• Apr
    11
    Posted in:
    Posted by: Jarve Kaplan Granato Starr

    Wrongful Death Settlements: How are They Determined, Distributed, and Taxed?

    Wrongful Death Settlements

    When a person’s death is the result of someone else’s negligence, their survivors are able to file a wrongful death lawsuit seeking financial compensation for the damages that they suffered. Though it is difficult and uncomfortable to place a monetary value on a human life, doing so is often necessary to ensure the financial security of those left behind, as well as to make sure that they receive some sense of closure and justice. When the parties decide to settle the issue out of court, they use many factors to determine the amount of compensation, including the deceased person’s age and earnings capacity, their income and the value of their benefits at the time of their death, the circumstances of the dependents who have been left behind, and the costs associated with the death, including medical bills and funeral and burial expenses that were incurred.

    After the amount of compensation is agreed upon, it is distributed to the individual’s survivors who filed the wrongful death lawsuit. Every state has its own rules regarding the distribution of these damages. Below you will find the distribution rules for the states of Pennsylvania and for New Jersey, which are based on each state’s laws for when a person dies without a will:

    Pennsylvania

    • Where there is only a surviving spouse, with no children or parents, all damages go to the spouse.
    • Where there is a surviving spouse, surviving parent or parents and no children, the spouse gets the first $30,000 and half of what remains, with the other half split equally between the surviving parents.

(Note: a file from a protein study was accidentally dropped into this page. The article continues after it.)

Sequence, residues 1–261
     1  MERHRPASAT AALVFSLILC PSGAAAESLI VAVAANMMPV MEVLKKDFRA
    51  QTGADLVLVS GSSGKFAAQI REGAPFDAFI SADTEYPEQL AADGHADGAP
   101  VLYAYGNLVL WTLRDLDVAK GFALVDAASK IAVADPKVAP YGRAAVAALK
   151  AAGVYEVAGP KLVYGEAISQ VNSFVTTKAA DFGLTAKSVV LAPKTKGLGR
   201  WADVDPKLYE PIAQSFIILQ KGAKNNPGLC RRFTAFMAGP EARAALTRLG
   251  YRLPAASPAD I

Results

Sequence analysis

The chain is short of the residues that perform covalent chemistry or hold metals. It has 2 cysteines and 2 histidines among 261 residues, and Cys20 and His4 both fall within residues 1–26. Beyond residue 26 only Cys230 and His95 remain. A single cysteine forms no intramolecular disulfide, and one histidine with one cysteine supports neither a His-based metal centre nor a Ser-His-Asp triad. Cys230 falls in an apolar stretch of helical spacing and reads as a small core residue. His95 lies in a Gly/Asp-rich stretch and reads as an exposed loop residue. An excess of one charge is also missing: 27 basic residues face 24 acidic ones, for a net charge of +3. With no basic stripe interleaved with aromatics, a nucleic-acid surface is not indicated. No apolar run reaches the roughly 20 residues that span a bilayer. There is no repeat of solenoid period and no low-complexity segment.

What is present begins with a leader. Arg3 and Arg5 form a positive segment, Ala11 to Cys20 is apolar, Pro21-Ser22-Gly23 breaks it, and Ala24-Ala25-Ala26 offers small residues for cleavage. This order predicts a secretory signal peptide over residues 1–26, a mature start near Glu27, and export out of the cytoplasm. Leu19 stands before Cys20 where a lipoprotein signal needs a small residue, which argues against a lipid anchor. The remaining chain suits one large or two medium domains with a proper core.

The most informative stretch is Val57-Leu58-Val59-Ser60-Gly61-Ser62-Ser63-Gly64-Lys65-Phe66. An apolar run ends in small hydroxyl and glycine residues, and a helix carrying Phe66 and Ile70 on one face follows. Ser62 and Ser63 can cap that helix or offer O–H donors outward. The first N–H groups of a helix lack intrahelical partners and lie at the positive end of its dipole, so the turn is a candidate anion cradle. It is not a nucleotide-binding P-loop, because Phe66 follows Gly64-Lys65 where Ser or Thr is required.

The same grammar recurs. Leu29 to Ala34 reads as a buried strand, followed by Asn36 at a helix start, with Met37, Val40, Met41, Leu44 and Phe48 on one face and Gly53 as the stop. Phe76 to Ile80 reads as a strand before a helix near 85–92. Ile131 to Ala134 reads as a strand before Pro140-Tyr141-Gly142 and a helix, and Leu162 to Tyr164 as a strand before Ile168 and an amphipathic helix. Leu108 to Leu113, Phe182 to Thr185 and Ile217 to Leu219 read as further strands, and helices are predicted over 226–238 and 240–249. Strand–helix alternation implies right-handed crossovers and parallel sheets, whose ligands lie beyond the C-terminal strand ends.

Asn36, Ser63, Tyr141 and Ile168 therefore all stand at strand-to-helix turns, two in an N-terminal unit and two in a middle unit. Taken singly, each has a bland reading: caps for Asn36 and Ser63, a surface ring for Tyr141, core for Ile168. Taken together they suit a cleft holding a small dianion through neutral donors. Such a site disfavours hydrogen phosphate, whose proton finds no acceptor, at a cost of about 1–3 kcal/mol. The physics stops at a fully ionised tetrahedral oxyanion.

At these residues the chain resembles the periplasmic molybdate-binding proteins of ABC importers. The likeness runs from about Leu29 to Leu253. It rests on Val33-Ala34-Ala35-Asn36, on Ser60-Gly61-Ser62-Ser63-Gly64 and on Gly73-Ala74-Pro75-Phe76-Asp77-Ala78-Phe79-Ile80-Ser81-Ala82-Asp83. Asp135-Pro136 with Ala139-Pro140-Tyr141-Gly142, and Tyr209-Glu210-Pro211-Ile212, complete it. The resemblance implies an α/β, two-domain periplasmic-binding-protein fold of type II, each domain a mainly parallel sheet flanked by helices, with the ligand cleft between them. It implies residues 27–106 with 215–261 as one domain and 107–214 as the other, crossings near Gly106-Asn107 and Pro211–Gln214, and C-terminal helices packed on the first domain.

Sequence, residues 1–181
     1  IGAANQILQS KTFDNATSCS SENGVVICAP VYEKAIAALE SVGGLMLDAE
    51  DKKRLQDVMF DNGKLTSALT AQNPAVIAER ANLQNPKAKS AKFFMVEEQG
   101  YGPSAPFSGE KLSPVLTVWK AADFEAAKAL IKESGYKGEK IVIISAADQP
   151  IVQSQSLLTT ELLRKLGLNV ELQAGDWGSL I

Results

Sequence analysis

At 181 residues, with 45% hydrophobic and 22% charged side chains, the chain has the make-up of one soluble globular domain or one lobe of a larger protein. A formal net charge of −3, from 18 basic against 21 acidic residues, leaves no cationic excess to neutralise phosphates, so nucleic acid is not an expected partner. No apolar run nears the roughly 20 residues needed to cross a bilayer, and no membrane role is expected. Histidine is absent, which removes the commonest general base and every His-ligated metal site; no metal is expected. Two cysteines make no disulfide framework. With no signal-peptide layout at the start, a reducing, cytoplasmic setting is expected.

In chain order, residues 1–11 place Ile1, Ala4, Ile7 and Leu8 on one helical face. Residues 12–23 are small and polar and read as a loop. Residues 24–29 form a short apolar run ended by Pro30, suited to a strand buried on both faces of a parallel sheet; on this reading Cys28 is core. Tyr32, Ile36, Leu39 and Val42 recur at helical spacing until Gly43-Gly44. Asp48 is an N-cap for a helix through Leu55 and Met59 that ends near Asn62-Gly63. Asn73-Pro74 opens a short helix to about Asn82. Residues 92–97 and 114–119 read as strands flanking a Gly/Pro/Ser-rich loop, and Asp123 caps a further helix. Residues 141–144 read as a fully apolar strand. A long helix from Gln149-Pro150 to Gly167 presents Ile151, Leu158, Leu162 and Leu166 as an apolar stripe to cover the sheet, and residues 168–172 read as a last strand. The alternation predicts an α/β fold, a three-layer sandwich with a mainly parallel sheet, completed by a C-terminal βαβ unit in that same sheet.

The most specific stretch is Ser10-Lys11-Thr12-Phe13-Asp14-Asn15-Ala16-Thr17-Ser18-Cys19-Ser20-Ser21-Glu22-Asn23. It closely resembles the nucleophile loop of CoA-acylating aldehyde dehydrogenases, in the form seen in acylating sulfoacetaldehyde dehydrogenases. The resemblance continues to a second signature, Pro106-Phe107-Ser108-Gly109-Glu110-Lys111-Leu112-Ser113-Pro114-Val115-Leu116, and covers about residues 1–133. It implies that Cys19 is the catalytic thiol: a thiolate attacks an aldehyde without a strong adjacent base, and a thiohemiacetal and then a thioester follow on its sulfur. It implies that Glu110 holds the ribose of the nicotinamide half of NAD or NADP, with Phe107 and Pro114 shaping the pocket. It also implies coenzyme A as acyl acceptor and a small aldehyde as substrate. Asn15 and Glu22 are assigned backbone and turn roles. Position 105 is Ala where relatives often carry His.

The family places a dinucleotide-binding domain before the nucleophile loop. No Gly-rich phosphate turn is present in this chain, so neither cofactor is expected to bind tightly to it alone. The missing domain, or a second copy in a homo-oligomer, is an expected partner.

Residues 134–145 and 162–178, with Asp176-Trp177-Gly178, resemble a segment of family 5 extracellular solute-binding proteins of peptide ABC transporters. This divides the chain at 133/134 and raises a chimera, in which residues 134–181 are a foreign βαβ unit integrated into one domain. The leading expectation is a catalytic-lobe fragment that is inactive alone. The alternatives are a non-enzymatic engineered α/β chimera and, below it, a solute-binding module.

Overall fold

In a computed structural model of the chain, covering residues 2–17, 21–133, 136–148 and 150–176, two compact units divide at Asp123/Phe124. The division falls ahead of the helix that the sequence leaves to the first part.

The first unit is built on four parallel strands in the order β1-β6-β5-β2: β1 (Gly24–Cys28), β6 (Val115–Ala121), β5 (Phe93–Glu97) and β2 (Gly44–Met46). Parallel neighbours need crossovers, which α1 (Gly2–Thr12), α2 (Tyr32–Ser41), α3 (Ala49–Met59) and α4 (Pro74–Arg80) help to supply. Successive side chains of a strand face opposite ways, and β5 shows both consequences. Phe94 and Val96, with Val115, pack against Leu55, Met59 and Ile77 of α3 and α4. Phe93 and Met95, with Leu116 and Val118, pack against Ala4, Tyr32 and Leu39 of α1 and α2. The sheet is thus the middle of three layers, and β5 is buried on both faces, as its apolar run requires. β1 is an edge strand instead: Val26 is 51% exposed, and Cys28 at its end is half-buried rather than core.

• Where there is a surviving spouse and surviving children, the spouse gets the first $30,000 and half of what remains. Children of the surviving spouse split the other half equally.
    • Where there is no surviving spouse and there are surviving children, the entire settlement gets divided equally among them.
    • Where there are surviving parents and no surviving children or spouse, the entire settlement gets divided equally between them.
    • Where there is no surviving spouse, children or parents, the settlement gets divided equally between the deceased’s siblings, nieces, and nephews.

    New Jersey

    • Where there is only a surviving spouse, with no children or parents, all damages go to the spouse.
    • Where there is a surviving spouse, surviving parent or parents and no children, the spouse gets the first $50,000 and half of what remains, with the other half split equally between the surviving parents.
    • Where there is a surviving spouse and surviving children, the spouse gets the first half of the settlement, plus another $50,000 if the surviving children are hers. The children split the balance equally.
    • Where there are surviving parents and no surviving children or spouse, the entire settlement gets divided equally between them.
    • Where there is no surviving spouse, children or parents, the settlement gets divided equally between the deceased’s siblings or their descendants.

    Many people who file a wrongful death lawsuit worry about the tax ramifications of a large settlement. The IRS considers any compensation for physical illness or injury non-taxable. This includes compensation for pain and suffering. However, compensation for punitive damages, emotional distress, and lost wages are taxable.

    If you feel a loved one’s death was the result of negligence and want to consider a wrongful death suit, you need an experienced attorney. So, contact our offices today to discuss what we can do for you.

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